What Causes The Climate Change?

What causes the climate change?

Threatening waves of heat, which drown coastal cities, and tens of thousands of displaced refugees … These words can very well describe a scene from the last horror film. But they also describe the nightmare scenario that we humans will face decades from now if we continue to fail to address the threat of climate change.

This term, climate change (which is short for anthropogenic climate change), refers to the full set of characteristics: temperature; precipitation; pressure systems, wind patterns; and ocean currents, which change both locally and regionally due to human influences. It is closely related to global warming, which describes the general upward trend in global temperatures that we observe as part of climate change.

Climate change has the potential to make the Earth unrecognizable from what any human being has ever experienced. These changes will have an immense impact on ecosystem services, global economies, and our own quality of life. Yet, while much is said about these risks, there is too little action to address the root causes.

Some of the inaction can be attributed to “climate change” and “the future” often used in the same sentence, giving politicians and industries the false impression that we can tackle climate change once sufficient economic growth is achieved. The reality, however, couldn’t be further from the truth, as we are already seeing today the signs of the changes, including near-annual crop failures, record high temperatures, and record-strength coastal storms.

Fortunately, as the understanding grows that our businesses are creating a global crisis of epic proportions, the impacts of climate change are now hotly debated in the halls of government and business. Politicians, media and others are also increasingly replacing ‘climate change’ with livelier language, such as ‘climate crisis’ and ‘climate emergency’. Hopefully, this will encourage even more governments and industries to come the table and cooperate like never before to tackle the main drivers of climate change.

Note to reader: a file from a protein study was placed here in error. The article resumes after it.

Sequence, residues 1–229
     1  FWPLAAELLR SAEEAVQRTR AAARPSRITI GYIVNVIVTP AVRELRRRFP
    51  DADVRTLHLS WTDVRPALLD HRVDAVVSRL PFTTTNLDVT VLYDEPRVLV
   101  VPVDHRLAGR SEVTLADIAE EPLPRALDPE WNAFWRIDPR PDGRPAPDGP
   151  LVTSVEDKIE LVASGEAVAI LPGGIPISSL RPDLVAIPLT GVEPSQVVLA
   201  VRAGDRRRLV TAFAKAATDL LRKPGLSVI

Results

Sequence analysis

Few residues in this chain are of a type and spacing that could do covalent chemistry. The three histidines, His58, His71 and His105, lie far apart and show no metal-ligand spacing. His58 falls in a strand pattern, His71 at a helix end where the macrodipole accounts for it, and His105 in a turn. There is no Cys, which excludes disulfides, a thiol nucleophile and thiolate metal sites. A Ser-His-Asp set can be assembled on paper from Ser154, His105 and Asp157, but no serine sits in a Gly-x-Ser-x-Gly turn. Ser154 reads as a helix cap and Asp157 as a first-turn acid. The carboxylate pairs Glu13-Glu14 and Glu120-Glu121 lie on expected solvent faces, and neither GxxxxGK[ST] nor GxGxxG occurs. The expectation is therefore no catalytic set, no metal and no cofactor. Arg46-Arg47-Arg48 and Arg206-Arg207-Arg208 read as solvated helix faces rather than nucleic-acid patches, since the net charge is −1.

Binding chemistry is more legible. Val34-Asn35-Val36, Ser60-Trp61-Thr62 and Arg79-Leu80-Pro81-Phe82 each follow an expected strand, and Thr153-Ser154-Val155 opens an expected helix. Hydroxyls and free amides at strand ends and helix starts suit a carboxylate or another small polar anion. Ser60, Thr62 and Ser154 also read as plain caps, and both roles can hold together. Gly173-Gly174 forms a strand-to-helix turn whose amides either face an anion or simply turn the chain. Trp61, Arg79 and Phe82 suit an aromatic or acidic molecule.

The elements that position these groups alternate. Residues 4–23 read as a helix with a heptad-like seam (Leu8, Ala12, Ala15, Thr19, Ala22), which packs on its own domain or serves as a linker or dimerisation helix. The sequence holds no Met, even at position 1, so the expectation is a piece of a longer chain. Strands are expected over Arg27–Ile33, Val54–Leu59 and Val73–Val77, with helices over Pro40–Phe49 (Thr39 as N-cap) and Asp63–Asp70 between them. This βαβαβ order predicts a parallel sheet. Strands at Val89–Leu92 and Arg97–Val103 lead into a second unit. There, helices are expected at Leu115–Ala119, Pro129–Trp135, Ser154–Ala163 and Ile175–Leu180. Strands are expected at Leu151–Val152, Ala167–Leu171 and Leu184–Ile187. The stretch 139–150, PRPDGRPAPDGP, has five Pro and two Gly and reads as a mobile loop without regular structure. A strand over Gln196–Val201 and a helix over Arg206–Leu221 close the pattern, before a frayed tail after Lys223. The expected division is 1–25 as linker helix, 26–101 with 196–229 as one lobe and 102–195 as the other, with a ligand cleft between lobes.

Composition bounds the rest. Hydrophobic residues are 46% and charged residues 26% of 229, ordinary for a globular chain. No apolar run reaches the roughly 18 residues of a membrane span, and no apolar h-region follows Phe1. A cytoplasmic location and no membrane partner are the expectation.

Solving this global crisis requires a multi-pronged international approach that should include ecosystem protection and restoration, direct species management, and legislative action. But before considering the solutions, we will first explore why climate change is happening and how it will affect biodiversity in the decades to come.

Examples of Climate Change

Widespread drought

East Africa experienced the worst drought in 60 years, from mid-2011 to mid-2012. More than 250,000 people died; nearly 10 million more needed humanitarian assistance. The greater intensity of similar droughts in 2016 is directly attributable to climate change.

Sea level rise

Coastal flooding disrupts local lives and economies in Ghana, Nigeria and Benin almost every year. Coastal erosion has damaged commercial properties in The Gambia and Senegal, while the coast has receded by 35 m in parts of Togo.

Early spring activity

Flowering dates for several plants, including apple and pear trees grown commercially in South Africa, are now between 1.6 and 4.2 days earlier every ten years than 35 years ago.

Changes in species ranges

Malaria has recently appeared in the highlands of Ethiopia, Kenya, Rwanda, and Burundi, in areas where it did not previously exist.

Declining wildlife population

Report rates of some endemic bird species in the Cape Floristic Region have declined by more than 30% over the past 15 years.

What Causes Climate Change?

The climate change we are experiencing today is caused by human activities that increase greenhouse gas concentrations in Earth’s atmosphere. Although we mainly hear about greenhouse gases in the context of their contribution to climate change, they are in fact essential to life on Earth.

Greenhouse gases are essential for life on Earth. But too many of them are causing the Earth to heat up too quickly, leading to climate change.

Consider for a moment the critical role of carbon dioxide (CO2) in photosynthesis and the role of water vapor in the formation of rain. Both of these gases are greenhouse gases. Greenhouse gases earn their name because they function much like the glass covering a greenhouse. They allow sunlight to easily pass through the atmosphere but trap the reflected thermal energy so that it remains close to the earth’s surface. This greenhouse effect allows all organisms on Earth, even us humans, to thrive.